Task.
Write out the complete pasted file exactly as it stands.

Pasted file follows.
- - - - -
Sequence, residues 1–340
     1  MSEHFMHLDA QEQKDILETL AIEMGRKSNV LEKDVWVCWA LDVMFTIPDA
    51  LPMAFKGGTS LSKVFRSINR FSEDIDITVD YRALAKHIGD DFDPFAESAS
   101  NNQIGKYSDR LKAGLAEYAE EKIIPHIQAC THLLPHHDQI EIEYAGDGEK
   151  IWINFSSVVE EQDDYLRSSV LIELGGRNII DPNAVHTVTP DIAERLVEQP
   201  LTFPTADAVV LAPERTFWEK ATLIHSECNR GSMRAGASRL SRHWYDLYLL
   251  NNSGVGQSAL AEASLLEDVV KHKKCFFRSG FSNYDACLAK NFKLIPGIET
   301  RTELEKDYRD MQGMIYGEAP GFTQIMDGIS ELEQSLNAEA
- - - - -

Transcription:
Sequence, residues 1–340
     1  MSEHFMHLDA QEQKDILETL AIEMGRKSNV LEKDVWVCWA LDVMFTIPDA
    51  LPMAFKGGTS LSKVFRSINR FSEDIDITVD YRALAKHIGD DFDPFAESAS
   101  NNQIGKYSDR LKAGLAEYAE EKIIPHIQAC THLLPHHDQI EIEYAGDGEK
   151  IWINFSSVVE EQDDYLRSSV LIELGGRNII DPNAVHTVTP DIAERLVEQP
   201  LTFPTADAVV LAPERTFWEK ATLIHSECNR GSMRAGASRL SRHWYDLYLL
   251  NNSGVGQSAL AEASLLEDVV KHKKCFFRSG FSNYDACLAK NFKLIPGIET
   301  RTELEKDYRD MQGMIYGEAP GFTQIMDGIS ELEQSLNAEA